I remembered, a week earlier, seeing my neighbor’s cat stalking a rabbit, and realized with horror, that a rabbit, while running from a cat, could certainly be stopped by a fence, with no escape. I called Turtle Rescue of the Hamptons and discussed the situation with a representative who expressed her exasperation over the many ways in which our wildlife is imperiled by civilization, particularly at times of migration, like now.  A suggestion she made is that if you are installing a fence, do so with the bottom a few inches off the ground.  If you already have a fence in place, cut an opening in the bottom on each side of your property (she advised animals will walk along the fence until they find an opening.) I realize those of you with cats or small dogs may not wish to take the chance of losing your pet. Perhaps other solutions exist. I figured this was worth sharing.

Happy spring,

Patti Weinberg

Sag Harbor


New Reality

Dear Editor,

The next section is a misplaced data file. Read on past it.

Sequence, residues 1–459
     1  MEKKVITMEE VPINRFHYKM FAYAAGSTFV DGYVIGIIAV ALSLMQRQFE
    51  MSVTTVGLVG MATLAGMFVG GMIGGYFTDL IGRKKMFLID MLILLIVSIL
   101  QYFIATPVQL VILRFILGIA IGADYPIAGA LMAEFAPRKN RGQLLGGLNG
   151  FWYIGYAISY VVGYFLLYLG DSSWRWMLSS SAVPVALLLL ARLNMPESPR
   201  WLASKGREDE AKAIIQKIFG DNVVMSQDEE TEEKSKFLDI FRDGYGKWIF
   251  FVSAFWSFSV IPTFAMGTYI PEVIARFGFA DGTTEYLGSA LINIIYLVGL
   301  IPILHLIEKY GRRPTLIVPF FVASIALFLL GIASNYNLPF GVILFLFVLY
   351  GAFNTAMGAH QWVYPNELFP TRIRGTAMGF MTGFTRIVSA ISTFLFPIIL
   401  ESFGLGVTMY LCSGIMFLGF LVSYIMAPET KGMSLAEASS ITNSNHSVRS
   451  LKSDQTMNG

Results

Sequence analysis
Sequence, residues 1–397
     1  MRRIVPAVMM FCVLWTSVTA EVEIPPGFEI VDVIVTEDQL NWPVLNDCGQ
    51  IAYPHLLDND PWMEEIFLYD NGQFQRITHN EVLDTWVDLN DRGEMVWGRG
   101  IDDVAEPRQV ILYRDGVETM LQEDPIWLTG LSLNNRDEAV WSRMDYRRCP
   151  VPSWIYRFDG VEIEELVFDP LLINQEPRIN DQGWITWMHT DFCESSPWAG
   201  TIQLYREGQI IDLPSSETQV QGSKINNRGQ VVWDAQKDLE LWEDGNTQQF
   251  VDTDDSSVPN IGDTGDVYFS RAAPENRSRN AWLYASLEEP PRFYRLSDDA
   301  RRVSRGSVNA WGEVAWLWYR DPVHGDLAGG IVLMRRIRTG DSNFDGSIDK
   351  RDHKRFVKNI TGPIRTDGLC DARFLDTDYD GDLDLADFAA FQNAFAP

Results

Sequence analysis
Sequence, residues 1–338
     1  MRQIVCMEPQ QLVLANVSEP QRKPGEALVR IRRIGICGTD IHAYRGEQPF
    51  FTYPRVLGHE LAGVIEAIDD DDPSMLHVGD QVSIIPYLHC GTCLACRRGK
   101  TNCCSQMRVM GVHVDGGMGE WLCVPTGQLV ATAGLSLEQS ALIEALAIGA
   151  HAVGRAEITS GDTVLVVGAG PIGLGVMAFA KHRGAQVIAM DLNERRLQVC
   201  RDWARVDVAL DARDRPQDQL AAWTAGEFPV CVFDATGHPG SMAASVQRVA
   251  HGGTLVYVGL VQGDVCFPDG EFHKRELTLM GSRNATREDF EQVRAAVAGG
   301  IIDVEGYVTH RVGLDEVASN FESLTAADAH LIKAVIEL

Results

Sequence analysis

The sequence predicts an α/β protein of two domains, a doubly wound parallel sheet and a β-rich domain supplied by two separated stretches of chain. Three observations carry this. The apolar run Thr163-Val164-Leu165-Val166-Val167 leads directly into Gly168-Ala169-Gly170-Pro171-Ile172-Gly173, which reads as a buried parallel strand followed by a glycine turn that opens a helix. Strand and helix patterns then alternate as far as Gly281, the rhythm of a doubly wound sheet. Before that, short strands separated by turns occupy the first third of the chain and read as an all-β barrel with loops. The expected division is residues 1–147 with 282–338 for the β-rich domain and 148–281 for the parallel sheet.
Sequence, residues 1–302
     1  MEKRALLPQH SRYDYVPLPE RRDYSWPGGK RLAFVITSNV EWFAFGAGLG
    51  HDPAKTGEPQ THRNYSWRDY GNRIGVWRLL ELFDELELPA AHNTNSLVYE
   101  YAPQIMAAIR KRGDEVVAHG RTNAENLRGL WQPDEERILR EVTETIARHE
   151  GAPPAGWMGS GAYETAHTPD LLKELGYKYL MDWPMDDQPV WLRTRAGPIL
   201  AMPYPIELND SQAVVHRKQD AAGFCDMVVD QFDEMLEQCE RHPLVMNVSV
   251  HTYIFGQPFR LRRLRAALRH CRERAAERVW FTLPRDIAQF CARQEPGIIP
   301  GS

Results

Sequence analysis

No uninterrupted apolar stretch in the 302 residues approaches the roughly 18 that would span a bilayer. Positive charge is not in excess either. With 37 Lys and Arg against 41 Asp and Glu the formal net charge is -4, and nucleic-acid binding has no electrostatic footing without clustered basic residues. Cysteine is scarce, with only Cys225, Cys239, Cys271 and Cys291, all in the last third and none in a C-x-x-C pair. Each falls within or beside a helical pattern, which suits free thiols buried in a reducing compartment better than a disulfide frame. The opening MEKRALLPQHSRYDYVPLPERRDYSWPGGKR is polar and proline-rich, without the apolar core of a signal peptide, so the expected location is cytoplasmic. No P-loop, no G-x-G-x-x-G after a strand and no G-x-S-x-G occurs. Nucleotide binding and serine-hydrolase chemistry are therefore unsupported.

I am dismayed that even with declining student enrollment our school tax levy continues to increase.

With a proposed 4.67% maximum tax levy, the Sag Harbor School Board is chasing out young families who can no longer afford the taxes. I realize that the Board has also examined lesser increases, but with fewer students why should there be any increase?

Why do administration personnel costs continue to rise?

Why does the budget for athletics continue to escalate (including $30,000 for artificial grass mats for the gym). Is this really necessary?

And then there is the Stella Maris fiasco. The costs for renovations continue to spiral higher with no end in sight and to what end?

It’s time to admit this was a major mistake and end the runaway costs by selling the facility.